• Safety concerns. Alcohol affects the prefrontal cortex, the part of the brain responsible for decision-making and impulse control. As a result, after a few drinks, our ability to make rational decisions diminishes, increasing the likelihood of consuming more alcohol than intended and raising the risk of accidents, injuries, and driving under the influence. As a result, the holidays often see a spike in alcohol-related incidents, including drunk driving.
  • Emotional and mental well-being. While some view the night as a way to reconnect and have fun, excessive drinking can exacerbate loneliness, anxiety, and depression for others. Besides, holidays as a whole tend to stir a mix of emotions — be it nostalgia, happiness, sadness, or stress — and alcohol can be mistakenly viewed as a solution to cope or amplify certain feelings, leading to overindulgence. For those already grappling with mental health challenges, excessive alcohol can exacerbate symptoms.
  • Social pressure. The atmosphere surrounding Blackout Wednesday, while festive, can release a swarm of vulnerabilities. When surrounded by old friends or peers who are drinking, the pressure to join in and not feel left out can be immense, overriding personal intentions or boundaries set around alcohol consumption.
Alcohol-Free Thanksgiving Traditions

Stepping Back

Blackout Wednesday has grown in cultural significance, but it also brings unique challenges, especially for those navigating their relationship with alcohol. The hype around Blackout Wednesday can be especially challenging for those trying to limit or eliminate alcohol. The combination of drinking, social expectations, and the pressures that sometimes come with holidays can create a dangerous whirlpool of emotions and potential triggers.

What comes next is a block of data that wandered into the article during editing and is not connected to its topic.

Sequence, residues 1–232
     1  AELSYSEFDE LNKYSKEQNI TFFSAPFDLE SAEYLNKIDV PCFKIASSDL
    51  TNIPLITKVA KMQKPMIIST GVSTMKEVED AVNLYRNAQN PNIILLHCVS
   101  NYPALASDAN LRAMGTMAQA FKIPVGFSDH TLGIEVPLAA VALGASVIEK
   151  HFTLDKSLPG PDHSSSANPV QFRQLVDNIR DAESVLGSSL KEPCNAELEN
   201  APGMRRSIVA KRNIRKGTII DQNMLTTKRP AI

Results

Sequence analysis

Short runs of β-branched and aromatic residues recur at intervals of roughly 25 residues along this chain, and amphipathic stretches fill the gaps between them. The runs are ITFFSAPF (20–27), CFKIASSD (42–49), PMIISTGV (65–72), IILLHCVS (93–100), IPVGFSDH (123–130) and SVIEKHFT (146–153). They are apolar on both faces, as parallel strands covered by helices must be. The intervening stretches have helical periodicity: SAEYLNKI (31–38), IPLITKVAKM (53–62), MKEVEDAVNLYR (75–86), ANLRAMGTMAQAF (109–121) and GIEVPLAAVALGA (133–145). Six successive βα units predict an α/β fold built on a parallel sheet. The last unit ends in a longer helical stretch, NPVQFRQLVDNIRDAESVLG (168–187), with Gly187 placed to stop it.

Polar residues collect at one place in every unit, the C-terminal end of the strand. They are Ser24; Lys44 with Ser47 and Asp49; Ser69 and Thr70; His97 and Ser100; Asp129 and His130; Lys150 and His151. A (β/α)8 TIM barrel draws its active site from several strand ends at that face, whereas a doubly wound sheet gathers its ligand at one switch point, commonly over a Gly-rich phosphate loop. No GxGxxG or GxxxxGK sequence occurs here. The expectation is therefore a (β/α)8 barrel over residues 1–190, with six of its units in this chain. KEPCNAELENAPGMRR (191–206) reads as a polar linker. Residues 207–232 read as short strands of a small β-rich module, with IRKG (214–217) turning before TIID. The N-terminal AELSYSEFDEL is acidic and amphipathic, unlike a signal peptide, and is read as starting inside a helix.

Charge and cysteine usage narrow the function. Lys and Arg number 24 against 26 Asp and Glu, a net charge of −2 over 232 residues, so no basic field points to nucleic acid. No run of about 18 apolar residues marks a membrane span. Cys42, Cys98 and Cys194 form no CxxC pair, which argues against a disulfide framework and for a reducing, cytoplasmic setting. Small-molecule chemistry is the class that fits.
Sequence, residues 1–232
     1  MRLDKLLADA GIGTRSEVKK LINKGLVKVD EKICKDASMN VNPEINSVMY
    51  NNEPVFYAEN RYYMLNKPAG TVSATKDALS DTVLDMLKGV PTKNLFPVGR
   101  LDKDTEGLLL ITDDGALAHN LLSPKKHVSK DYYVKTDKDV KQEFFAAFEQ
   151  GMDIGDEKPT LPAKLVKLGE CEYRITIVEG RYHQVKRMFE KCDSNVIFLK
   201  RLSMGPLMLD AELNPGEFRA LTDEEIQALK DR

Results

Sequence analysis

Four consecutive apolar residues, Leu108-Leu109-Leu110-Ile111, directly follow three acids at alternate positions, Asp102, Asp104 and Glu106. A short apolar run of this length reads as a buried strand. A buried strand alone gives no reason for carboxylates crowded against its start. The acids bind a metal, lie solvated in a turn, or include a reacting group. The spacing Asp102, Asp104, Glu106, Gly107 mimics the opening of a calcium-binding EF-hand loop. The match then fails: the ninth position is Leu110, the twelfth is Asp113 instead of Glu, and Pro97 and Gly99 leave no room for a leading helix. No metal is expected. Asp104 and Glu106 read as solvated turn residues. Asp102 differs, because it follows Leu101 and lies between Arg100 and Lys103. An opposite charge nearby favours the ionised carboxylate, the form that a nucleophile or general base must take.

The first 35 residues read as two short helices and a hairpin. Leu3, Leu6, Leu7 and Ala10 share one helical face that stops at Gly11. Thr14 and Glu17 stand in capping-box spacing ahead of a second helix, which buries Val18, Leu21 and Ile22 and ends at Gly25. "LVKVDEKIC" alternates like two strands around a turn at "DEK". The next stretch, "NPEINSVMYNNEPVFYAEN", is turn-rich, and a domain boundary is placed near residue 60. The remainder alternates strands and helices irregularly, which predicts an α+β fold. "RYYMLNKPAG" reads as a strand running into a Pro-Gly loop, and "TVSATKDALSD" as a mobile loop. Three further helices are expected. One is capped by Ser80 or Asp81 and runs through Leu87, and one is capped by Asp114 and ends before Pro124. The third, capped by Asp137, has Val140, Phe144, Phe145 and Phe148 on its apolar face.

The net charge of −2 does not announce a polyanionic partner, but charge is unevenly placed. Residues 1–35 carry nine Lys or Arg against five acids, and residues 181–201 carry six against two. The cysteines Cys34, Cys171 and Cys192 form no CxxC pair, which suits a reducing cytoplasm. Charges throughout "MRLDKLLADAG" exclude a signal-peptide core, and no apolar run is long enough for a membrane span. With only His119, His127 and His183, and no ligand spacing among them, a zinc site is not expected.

One way to approach this potential minefield is to take a broader approach, seeing the bigger picture of celebrating and connecting with friends.

Is It Possible To Celebrate Booze-Free? You Bet!

Alcohol is a common celebratory component, but it's certainly not the only way to celebrate! Many societies have rich, alcohol-free traditions that bring communities together and foster a sense of unity and joy. Here are some delightful examples from around the world:

  • Sweden: Midsummer Day. Midsummer in Sweden is a celebration of the longest day of the year. People gather in open fields to dance around the maypole, sing traditional songs, and enjoy a festive meal. Alcohol-free berry drinks — especially made from strawberries — are a popular treat during this celebration.